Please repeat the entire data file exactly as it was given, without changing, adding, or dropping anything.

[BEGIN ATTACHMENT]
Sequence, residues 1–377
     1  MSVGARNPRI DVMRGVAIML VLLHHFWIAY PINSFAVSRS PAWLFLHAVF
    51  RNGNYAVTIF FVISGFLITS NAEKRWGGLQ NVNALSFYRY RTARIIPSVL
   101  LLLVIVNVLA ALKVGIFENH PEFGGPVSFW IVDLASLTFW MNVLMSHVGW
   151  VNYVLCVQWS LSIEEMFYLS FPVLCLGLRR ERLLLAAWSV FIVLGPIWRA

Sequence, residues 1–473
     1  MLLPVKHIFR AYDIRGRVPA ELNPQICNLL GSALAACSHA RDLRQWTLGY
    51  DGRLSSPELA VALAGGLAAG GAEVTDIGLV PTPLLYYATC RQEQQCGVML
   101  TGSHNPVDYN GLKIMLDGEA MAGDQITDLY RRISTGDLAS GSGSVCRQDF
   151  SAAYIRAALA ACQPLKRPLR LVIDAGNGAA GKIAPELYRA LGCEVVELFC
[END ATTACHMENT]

Sequence, residues 1–377
     1  MSVGARNPRI DVMRGVAIML VLLHHFWIAY PINSFAVSRS PAWLFLHAVF
    51  RNGNYAVTIF FVISGFLITS NAEKRWGGLQ NVNALSFYRY RTARIIPSVL
   101  LLLVIVNVLA ALKVGIFENH PEFGGPVSFW IVDLASLTFW MNVLMSHVGW
   151  VNYVLCVQWS LSIEEMFYLS FPVLCLGLRR ERLLLAAWSV FIVLGPIWRA

Sequence, residues 1–473
     1  MLLPVKHIFR AYDIRGRVPA ELNPQICNLL GSALAACSHA RDLRQWTLGY
    51  DGRLSSPELA VALAGGLAAG GAEVTDIGLV PTPLLYYATC RQEQQCGVML
   101  TGSHNPVDYN GLKIMLDGEA MAGDQITDLY RRISTGDLAS GSGSVCRQDF
   151  SAAYIRAALA ACQPLKRPLR LVIDAGNGAA GKIAPELYRA LGCEVVELFC